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Seven-Step Drop: LSU's Historic Season Has Every Right to be Called the G.O.A.T.

Joe Burrow, Tigers cap off 15-0 season with 42-25 win over Clemson in the Superdome

NEW ORLEANS — As much as college football is a sport celebrated for the indelible moments it gives us in real-time from game to game of a long slog of a season, it is also a sport that celebrates its own history more than just about any other.

 

There are records and traditions set many moons ago that are held up for reverence at every turn while legends few ever saw live are treated like gods walking among us. A select few are bronzed in statues designed to last forever. On every broadcast, there is undoubtedly a number of references to a handful of plays that are instantly recalled by a fan base in a memory firmly etched into their minds.

 

The 2019 season was a campaign where such nostalgia was turned up a few notches from its already high standard by virtue of college football trumpeting its 150th anniversary. Amid a backdrop of looking back at greatness however, the season also unfolded with some historic greatness of its own as LSU capped off one of the most incredible runs ever seen by thumping previously undefeated Clemson 42-25 in their own backyard at the Mercedes-Benz Superdome and win the national title.

 

"I think it's magical, I really do. When we saw the national championship would be in the Superdome at the beginning of the year we set our target on that although we did not talk about it," Tigers head coach Ed Orgeron said in his unforgettable Cajun accent. "I felt like we could have played for another month. We were not tired. This team was ready to go. They were enthusiastic. One team, one heartbeat."

 

Orgeron's satisfaction was unbridled, with as emotional a coach as you'll find soaking up every moment as he walked nearly every inch of the turf twice over with a smile as wide as Lake Pontchartrain. It was special to win it for his home state and his home team in front of a heavily purple and gold-clad crowd but it was far more meaningful to do it with this team and this way after so many tweaks and changes throughout the years leading up to the moment he hoisted the trophy to roars heard well past the French Quarter on Monday night.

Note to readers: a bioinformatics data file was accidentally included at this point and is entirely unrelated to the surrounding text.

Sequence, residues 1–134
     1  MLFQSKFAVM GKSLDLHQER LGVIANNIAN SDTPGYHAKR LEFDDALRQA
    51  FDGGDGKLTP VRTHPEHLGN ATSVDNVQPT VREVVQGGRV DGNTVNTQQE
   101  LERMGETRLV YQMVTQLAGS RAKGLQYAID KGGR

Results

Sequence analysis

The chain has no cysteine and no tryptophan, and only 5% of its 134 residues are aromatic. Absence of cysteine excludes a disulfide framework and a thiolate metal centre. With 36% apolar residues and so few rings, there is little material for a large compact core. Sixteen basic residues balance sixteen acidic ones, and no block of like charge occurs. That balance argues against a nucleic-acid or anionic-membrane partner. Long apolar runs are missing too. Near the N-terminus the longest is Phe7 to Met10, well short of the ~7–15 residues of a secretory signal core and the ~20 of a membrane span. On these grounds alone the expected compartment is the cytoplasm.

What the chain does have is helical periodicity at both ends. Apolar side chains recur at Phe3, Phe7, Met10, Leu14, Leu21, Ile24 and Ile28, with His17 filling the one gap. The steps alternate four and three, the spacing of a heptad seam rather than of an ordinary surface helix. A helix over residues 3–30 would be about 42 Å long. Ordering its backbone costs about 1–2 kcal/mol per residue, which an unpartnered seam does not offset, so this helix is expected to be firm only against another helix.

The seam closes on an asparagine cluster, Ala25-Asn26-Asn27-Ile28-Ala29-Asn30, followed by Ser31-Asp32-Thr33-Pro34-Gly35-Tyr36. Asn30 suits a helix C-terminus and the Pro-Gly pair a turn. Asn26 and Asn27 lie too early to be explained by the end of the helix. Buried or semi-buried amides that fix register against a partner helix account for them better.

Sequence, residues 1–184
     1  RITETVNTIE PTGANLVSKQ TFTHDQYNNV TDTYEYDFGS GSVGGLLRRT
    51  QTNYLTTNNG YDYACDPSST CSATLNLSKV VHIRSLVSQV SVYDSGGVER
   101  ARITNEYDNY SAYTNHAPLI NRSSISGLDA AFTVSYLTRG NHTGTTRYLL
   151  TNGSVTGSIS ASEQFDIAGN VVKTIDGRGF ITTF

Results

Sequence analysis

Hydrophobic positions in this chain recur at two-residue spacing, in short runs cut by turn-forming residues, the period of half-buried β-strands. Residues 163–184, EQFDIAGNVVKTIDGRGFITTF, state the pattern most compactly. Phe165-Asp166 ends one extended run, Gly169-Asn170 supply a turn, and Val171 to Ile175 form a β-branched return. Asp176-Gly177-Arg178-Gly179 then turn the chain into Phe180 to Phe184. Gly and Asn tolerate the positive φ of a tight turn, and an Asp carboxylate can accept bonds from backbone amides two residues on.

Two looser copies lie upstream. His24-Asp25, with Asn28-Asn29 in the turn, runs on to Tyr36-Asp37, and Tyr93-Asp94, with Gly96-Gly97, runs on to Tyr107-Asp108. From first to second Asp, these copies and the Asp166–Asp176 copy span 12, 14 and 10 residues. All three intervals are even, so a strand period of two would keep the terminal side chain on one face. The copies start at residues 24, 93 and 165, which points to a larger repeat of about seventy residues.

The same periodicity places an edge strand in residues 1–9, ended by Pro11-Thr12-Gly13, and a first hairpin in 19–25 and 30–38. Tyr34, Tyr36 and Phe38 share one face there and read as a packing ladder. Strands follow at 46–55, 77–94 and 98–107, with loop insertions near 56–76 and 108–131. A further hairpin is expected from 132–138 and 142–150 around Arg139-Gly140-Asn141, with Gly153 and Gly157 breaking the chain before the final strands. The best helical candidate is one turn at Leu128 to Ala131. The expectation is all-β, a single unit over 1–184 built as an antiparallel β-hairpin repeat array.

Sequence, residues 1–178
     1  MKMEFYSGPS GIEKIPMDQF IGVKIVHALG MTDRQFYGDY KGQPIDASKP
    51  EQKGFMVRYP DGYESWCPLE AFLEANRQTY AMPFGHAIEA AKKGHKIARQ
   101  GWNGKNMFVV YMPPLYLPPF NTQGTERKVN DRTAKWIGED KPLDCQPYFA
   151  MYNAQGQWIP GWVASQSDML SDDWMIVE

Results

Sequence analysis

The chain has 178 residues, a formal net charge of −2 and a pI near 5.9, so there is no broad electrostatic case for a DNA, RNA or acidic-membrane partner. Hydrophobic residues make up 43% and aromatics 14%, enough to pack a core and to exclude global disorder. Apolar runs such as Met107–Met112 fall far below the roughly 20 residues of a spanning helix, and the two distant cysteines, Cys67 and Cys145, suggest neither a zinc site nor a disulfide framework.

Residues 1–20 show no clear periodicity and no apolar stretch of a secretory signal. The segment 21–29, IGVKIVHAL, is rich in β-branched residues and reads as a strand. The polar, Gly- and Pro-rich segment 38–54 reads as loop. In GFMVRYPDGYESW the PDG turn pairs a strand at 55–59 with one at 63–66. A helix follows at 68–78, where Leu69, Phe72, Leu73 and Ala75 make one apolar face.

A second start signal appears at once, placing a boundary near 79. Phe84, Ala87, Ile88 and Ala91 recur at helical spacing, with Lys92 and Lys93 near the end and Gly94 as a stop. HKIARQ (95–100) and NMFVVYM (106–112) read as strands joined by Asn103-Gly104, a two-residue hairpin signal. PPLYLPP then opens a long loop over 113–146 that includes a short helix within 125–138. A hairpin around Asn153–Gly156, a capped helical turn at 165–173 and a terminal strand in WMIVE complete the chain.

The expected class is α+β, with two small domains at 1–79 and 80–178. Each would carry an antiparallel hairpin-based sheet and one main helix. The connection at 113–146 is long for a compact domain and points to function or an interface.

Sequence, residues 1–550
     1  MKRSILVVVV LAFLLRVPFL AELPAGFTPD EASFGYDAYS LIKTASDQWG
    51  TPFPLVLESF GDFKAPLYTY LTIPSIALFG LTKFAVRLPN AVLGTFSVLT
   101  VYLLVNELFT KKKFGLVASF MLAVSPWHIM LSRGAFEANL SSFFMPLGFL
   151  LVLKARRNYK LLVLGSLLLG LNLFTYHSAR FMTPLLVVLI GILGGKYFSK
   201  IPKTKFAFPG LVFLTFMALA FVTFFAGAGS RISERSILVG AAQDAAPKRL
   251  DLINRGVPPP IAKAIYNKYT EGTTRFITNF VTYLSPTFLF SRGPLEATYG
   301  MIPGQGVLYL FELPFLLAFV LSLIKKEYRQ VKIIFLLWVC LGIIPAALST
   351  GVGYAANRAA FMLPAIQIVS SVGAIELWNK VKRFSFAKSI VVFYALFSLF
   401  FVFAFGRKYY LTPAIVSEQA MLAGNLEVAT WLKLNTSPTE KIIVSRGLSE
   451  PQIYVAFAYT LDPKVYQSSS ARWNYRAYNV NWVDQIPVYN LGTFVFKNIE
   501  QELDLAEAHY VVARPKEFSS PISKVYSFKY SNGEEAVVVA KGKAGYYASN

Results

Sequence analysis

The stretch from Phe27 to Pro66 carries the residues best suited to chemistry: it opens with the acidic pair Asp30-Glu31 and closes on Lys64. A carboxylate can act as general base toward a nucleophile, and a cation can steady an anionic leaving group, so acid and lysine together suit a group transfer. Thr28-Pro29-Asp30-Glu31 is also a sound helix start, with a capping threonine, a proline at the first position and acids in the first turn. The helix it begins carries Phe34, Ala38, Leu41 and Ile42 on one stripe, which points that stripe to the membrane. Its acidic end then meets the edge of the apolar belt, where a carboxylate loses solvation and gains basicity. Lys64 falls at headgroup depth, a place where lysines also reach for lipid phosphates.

While Orgeron pushed every button correctly dating back to an offseason marked by hiring passing game coordinator Joe Brady from the Saints, the engine that made things go was undoubtedly their Heisman Trophy-winning quarterback Joe Burrow. Stellar once again in shattering a host of additional records in the title game, it's no stretch to say the kid from Ohio who few really knew about prior to his transfer to Baton Rouge had now joined the likes of Drew Brees and Steve Gleeson and Billy Cannon in local lore. He didn't just change the fortunes of a superpower long weighed down by offensive woes (despite no lack of talent) but left the field having assembled the greatest year a college quarterback had ever had regardless of the era.

 

"I don't know about the whole hero thing, but I know this national championship will be remembered for a long time in Louisiana," a cigar-smoking Burrow said. "To do it in New Orleans is even more special. This is going to be remembered for a long time."

 

This title and this season will undoubtedly be remembered forever, and not just by those tossing (or collecting) beads from the countless balconies around the Big Easy in the hours after beating those "other" Tigers from Death Valley.